Use the DVBStreamer Wiki to look up how to do some basic tests, stream some video to a file, or use mplayer to watch a UDP stream; essentially, you want to verify that DVBStreamer is working correctly and doing what you expect.

To stream using the scripts below you need to run DVBStreamer as a daemon and set to stream to "udp://localhost:12346". Create a file "dvbstreamer.startup" with a single line:

System Message: ERROR/3 (<string>, line 145)

Cannot find pygments lexer for language "none"

.. sourcecode:: none

    setmrl udp://localhost:12346

Start DVBStreamer like this:

dvbstreamer -f dvbstreamer.startup -d

Now all you need to do is get the scripts to do the "transcoding" and create some ".live" files for your television channels.

The "transcoding" script(s)

There are two scripts that are used by the streaming system, one changes the channel in DVBStreamer so the correct video is streamed, the other pushes the stream from the UDP stream to a file (FIFO) which mediatomb provides as an argument.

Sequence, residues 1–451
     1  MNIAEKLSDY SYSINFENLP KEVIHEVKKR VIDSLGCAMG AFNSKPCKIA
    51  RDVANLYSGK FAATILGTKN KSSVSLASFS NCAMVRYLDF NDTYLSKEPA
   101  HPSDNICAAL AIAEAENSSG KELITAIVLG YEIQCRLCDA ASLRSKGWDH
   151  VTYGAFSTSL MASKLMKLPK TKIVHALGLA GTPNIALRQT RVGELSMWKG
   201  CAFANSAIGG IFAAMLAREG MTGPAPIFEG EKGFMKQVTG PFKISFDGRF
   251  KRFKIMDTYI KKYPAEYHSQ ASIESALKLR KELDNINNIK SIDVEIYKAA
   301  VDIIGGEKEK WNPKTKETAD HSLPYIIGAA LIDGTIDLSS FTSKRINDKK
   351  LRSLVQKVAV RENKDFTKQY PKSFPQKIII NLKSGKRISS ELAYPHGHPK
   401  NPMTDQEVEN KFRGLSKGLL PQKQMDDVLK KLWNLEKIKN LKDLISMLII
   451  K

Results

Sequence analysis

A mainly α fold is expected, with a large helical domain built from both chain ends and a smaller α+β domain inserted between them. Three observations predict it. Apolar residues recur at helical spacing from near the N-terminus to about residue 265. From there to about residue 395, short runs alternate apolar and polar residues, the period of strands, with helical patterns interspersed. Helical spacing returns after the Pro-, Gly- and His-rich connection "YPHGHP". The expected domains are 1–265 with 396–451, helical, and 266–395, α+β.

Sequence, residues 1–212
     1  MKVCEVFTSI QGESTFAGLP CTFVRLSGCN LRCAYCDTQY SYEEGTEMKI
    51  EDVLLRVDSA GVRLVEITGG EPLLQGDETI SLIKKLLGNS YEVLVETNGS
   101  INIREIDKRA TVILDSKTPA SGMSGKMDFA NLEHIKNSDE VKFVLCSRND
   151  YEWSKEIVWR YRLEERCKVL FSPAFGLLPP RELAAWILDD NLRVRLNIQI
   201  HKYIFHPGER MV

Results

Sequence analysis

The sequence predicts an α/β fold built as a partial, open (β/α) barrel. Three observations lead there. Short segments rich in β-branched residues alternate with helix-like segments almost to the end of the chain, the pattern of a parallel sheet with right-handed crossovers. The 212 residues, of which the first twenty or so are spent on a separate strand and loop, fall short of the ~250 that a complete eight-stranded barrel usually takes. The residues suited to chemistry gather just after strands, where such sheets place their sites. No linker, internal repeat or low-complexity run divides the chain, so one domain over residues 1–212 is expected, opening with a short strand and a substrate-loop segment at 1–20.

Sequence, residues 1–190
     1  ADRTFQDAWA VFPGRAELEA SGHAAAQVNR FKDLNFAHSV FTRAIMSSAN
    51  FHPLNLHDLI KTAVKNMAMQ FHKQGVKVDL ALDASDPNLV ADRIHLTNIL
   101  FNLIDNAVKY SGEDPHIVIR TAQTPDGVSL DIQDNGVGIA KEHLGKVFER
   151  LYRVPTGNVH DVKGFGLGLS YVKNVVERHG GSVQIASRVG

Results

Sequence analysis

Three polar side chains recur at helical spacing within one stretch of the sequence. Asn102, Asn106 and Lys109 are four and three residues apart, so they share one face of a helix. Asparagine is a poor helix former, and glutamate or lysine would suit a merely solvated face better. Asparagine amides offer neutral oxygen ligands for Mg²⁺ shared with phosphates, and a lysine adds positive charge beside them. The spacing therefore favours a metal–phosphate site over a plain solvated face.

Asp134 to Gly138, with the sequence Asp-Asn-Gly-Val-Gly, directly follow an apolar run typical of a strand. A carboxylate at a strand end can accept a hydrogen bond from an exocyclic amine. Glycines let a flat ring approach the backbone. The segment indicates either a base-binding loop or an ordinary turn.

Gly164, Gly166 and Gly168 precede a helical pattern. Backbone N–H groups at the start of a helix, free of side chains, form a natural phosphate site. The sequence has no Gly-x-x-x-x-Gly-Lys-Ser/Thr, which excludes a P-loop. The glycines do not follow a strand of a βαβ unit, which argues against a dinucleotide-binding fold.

Here's the first, the channel changing script. It requires python >=2.5 (and <3.0). It expects the path to a ".live" file as it's first (and only) argument, and connects to the DVBStreamer instance (using the default authentication credentials) to select the DVBStreamer service corresponding to the name of the file. e.g. "/home/media/21-1 WXXI-HD.live" would select the "21-1 WXXI-HD" DVBStreamer service.

#!/usr/bin/env python
from __future__ import with_statement

import sys
import socket
from contextlib import closing
from os import path

class DVBStreamerException(Exception):
    pass

def get_response(streamer):
    resp = []
    while True:
        try:
            resp.append(streamer.recv(4096))
        except socket.error, e:
            if resp and e.args[0] == 11: # temp unavail
                break